It won't fit.
January 3, 2006 9:23 AM   Subscribe

Advice on connecting a round, metal, foil flex vent from an electric dryer to an oval shaped vent (the vent which runs outside)?

More info: This is a new house with only an electric hookup for the dryer, hence an electric dryer. The metal ductwork that runs from the exterior through the crawlspace and ends in the laundry room has an oval hookup. The electric dryer has a round end on the exhaust vent. Strapping the flex vent to the oval vent has been tried with no success.
I'm looking for a permanent fix for attaching the two so no answers that include duct tape....
I've been told that there are adapters or couplers available but after 10 calls to various repairmen, dealers, etc. i have not been able to find one.
posted by Wallzatcha to Home & Garden (8 answers total)
Could you replace the vent itself? It's one of the easier things to replace around the house and replacement vents are pretty cheap. I know it's winter, but the switch should only take ten minutes if you have the right parts and a few basic tools.
posted by Alison at 9:38 AM on January 3, 2006

You could use oval duct and one of these.

Flex duct is not recommended (if you mean the mylar stuff with a wire stffener). Fire hazard.
posted by Kirth Gerson at 9:42 AM on January 3, 2006

You didn't say *what* you strapped it to the vent with - We use cable ties and it works fine...
posted by DrtyBlvd at 10:56 AM on January 3, 2006

K Gerson, funny you say it's a fire hazard. I talked ot a home inspector who told me the metal flex vent is recommended over plastic venting b/c it is the safe choice.
Thanks for the link seems to show exactly what I have in mind. I'll have to double check the measurements and see if it would work.

I don't know what the straps were called but they are vent straps, the ones that fit over the duct like a ring and tighten with a screw.
posted by Wallzatcha at 11:13 AM on January 3, 2006

The plastic stuff is what I was calling a fire hazard. I think it's mylar. Metal flex is OK.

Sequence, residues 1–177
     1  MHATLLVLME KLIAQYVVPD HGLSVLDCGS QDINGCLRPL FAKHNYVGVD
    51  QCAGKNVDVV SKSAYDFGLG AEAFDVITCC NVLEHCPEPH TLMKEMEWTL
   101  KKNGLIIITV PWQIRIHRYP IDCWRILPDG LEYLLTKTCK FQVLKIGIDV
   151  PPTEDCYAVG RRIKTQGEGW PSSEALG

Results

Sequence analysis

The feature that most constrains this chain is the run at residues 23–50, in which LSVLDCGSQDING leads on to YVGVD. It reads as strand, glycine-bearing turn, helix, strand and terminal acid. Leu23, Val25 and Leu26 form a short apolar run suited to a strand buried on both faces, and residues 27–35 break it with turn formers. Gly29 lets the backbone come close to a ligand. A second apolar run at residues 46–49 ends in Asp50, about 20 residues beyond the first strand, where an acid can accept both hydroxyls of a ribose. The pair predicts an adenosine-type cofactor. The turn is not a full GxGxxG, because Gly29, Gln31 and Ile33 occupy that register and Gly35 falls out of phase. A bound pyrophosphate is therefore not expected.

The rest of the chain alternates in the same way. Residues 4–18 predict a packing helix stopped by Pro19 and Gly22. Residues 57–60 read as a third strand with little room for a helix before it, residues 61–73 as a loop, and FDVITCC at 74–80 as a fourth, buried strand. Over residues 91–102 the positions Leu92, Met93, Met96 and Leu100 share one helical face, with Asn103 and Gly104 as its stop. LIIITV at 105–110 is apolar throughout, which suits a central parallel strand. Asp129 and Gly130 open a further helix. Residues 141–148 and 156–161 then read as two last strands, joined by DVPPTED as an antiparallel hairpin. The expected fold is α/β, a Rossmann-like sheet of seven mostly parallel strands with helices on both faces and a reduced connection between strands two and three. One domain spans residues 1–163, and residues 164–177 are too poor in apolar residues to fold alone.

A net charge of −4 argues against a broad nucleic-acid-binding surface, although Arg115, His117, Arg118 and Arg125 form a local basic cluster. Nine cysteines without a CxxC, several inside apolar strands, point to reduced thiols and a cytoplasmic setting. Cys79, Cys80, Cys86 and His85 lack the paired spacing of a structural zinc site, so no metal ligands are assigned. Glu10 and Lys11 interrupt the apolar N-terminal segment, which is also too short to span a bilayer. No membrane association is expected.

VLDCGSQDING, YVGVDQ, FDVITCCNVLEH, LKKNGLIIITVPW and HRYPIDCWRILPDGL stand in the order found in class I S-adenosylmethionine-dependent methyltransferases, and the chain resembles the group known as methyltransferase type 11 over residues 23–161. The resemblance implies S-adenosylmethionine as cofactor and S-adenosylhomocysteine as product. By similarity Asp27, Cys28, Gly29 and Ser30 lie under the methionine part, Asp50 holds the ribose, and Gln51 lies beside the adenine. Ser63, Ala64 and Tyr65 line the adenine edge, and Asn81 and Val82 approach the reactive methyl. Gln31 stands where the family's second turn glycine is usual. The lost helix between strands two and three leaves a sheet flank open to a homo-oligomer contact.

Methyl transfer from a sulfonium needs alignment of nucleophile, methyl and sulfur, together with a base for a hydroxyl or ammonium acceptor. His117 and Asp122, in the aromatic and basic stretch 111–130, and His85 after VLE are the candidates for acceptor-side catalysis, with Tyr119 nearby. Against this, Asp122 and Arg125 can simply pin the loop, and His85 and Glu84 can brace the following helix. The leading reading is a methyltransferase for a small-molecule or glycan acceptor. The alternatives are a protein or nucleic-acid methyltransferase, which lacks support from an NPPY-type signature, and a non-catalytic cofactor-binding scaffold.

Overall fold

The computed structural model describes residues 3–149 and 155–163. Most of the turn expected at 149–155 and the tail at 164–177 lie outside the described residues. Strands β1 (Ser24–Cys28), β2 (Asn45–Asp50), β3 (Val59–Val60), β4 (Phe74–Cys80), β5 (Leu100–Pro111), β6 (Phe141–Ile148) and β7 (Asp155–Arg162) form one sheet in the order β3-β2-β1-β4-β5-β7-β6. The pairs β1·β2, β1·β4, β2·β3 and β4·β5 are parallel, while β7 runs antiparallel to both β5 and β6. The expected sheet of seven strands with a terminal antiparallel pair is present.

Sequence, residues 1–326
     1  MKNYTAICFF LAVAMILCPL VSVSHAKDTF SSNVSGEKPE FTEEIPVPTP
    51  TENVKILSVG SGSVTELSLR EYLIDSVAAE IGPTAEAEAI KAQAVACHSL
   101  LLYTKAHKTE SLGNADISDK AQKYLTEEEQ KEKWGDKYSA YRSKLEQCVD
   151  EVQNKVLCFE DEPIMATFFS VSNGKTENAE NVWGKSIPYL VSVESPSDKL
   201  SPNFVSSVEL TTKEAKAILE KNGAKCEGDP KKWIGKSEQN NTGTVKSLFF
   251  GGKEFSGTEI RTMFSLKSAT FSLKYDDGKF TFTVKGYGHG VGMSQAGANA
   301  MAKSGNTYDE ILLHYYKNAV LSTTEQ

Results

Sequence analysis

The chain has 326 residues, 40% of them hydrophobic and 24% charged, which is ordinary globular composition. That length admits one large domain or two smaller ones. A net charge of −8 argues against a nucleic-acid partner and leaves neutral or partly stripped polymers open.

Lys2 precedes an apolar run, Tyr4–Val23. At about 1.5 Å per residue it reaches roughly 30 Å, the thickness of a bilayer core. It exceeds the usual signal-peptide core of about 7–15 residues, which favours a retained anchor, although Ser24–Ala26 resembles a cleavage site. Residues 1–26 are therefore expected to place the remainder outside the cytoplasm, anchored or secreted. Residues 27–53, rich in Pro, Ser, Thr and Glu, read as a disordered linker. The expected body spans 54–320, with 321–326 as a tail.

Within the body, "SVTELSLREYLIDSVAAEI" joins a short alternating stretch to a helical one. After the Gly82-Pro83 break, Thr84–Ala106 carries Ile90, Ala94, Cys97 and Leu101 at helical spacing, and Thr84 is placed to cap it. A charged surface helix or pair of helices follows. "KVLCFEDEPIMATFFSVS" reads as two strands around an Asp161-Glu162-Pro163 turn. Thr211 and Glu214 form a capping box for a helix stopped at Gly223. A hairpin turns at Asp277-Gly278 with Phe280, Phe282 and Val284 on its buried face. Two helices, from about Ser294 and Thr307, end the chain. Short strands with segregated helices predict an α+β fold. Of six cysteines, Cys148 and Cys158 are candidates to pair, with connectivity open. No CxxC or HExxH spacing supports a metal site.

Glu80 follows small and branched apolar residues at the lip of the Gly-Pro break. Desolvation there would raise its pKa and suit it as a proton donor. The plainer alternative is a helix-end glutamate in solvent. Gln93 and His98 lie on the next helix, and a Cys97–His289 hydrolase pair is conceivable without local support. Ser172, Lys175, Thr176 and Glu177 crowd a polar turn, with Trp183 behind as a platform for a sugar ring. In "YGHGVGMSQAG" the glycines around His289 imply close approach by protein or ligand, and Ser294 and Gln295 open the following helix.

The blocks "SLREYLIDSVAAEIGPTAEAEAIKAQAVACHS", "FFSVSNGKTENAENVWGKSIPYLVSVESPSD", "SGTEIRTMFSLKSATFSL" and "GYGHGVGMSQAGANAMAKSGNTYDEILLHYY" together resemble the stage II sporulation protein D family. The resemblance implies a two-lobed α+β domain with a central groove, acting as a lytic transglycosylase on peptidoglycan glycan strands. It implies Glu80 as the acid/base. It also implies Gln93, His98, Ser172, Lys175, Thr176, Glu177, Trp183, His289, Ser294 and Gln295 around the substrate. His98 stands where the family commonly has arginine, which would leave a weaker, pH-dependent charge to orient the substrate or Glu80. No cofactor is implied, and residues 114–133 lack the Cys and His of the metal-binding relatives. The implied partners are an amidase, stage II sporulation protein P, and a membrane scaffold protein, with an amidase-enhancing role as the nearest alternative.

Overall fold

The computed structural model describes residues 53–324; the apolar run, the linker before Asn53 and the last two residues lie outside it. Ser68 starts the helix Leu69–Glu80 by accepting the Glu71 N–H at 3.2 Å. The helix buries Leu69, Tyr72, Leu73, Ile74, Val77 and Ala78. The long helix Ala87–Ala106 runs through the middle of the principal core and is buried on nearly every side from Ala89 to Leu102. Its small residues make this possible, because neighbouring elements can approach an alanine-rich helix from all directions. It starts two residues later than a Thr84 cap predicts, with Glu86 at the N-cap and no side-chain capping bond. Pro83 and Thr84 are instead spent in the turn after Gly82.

posted by Kirth Gerson at 12:08 PM on January 3, 2006

Actually, straight metal pipe was recommended to me by a couple of tradespeople. Any flex pipe can catch lint in the wibbles and wobbles and that also can be a significant fire hazard. Doing the vent in straight metal pipe was a bit of a pain, but it's maintenance-free one you set it up.
posted by bonehead at 1:09 PM on January 3, 2006

Plastic flex (the white stuff) is illegal for new dryer venting in BC because of the fire hazard. The metallized stuff is ok but sub optimal for dryer venting.

Hardwall metal pipe is vastly superior to any flex pipe; use it if at all possible. 1' of flex = 10' of metal pipe as far as resistance to flow goes. It is even worse if there are any bends in the flex. At a minimum you should use hard elbows if your venting needs a 90 at the dryer or the wall.

If you go with the flex use several sheet metal screws backed with washers to secure the flex to the oval pipe and then wrap the joint with aluminum HVAC tape (not duct tape). While you have the tape out do the joint at the dryer too.
posted by Mitheral at 1:58 PM on January 3, 2006

Maybe you will find what you need here
or go to the dryer manufacturer's website and look for accessories. Using tape to connect the flexpipe if done correctly and with the right tape is permanent. I have made my own oval to round adaptors. The problem with dryer venting is always the lack of space to turn corners and run adaptors. If you have the space take a section of four inch round pipe and gently squish the crimped end (I am assuming that the oval pipe end you are connecting to is a female end from your description of the lay out) till it is the right shape allow for rebound too. If you need the section really short you may need to have the other end of the pipe that you are bending (the end that needs to remain round) coupled with another section of vent pipe temporarily to keep it from deforming while shaping the. oval. If you have trouble with the pipe coming apart at the crimp seam try orienting the seam differently or running a sheet metal screw through the crimp on the seam to hold it from opening up. Good luck dryer venting can be a real pain in the ass
posted by flummox at 3:23 PM on January 3, 2006

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